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    The Lion Air one wasn’t human error though, was it? It had something to do with a broke sensor. It’s a new feature which will automatically keep the nose of the plane down in order to compensate for the adjusted place of the engine which are now more to the front of the plane. Apparently it didn’t work properly and that’s why the plane kept going down and ultimately made a nosedive, or so I’ve read.

    China and Ethiopia are keeping the Max down for now and Boeing have communicated that they’re going to delay the launch of their new 777X model.
  12. Mar 11, 2019
    #12

    Adisa likes to take afvanadva wothowi doubt

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    The pilot reported technical issues just after taking off and wanted to turn back. Somehow, I'm not thinking it's human error.
  13. Mar 11, 2019
    #13

    Organic Potatoes Full Member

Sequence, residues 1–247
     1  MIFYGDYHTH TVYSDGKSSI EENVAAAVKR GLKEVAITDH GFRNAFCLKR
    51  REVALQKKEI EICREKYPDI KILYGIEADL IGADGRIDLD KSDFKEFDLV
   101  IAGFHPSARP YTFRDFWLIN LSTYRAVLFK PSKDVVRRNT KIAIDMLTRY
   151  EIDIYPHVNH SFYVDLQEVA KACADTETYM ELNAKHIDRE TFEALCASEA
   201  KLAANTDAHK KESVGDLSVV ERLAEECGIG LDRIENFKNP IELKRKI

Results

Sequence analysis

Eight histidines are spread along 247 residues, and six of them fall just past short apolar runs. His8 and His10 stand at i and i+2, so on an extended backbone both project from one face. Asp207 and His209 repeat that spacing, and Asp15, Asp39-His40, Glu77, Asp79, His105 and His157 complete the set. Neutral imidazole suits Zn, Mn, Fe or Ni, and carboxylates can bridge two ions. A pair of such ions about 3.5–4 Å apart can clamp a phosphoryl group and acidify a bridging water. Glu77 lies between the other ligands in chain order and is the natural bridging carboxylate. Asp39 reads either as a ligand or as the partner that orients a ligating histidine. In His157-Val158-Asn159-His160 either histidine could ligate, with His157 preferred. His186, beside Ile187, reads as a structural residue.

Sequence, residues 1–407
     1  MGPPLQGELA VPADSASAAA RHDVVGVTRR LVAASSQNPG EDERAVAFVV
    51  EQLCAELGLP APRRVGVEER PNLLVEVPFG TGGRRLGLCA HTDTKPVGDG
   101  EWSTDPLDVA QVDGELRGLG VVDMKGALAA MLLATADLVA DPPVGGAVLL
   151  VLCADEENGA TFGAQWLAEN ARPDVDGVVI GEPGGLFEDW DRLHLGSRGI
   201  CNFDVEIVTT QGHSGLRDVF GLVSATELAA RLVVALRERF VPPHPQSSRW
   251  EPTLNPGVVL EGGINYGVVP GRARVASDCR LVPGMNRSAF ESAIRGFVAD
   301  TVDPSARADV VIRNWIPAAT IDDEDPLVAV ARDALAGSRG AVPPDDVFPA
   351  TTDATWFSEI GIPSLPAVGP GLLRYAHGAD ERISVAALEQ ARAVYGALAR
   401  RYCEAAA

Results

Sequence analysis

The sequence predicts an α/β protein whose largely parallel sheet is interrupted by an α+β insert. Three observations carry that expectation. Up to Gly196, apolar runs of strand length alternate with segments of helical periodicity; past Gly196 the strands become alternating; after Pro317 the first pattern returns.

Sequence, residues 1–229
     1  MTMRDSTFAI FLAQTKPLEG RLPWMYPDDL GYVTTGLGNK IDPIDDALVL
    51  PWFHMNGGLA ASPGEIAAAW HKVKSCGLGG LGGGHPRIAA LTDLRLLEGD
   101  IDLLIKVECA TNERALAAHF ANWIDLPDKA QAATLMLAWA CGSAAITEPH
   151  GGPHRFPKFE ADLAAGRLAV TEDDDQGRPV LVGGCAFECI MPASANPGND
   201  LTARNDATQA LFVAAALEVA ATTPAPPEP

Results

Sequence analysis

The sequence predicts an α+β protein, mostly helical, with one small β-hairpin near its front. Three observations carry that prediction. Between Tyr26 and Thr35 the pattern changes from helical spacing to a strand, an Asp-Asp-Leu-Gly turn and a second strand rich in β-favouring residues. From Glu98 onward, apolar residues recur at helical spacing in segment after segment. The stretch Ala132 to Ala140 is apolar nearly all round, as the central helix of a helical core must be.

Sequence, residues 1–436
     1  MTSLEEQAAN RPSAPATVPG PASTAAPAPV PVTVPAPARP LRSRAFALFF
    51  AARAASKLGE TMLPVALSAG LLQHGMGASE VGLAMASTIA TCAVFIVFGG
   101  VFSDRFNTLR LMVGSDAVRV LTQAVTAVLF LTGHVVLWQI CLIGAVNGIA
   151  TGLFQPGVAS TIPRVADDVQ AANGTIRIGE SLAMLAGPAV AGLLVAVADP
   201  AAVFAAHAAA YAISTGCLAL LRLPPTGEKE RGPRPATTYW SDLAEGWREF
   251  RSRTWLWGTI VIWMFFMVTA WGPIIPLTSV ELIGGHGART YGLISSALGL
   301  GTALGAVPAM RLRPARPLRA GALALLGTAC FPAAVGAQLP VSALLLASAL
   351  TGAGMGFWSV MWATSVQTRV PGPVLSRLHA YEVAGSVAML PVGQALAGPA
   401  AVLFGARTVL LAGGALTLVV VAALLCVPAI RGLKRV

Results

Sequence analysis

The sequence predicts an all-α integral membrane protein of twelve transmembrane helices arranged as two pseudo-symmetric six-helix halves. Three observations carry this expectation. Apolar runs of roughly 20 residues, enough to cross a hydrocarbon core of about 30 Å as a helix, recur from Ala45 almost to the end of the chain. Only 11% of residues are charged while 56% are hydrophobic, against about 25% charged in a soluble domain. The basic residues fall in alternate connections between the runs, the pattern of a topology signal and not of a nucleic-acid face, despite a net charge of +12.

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    I thought there was a problem but the pilots should've been able to defeat the erroneous program actions had they been proficient with the new system? There are others on here that are much more knowledgeable about this though...
  14. Mar 11, 2019
    #14

    RobinLFC Cries when Liverpool doesn't get praised

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    I read that the software and/or sensor can't be turned off even if they turn off Automatic Pilot, but have to admit that I don't know a lot about the subject myself either.

    Either way though, I know I'd rather not fly with a Max until it's cleared out what the problem was, and definitely not if the problem regarding the two crashes is related.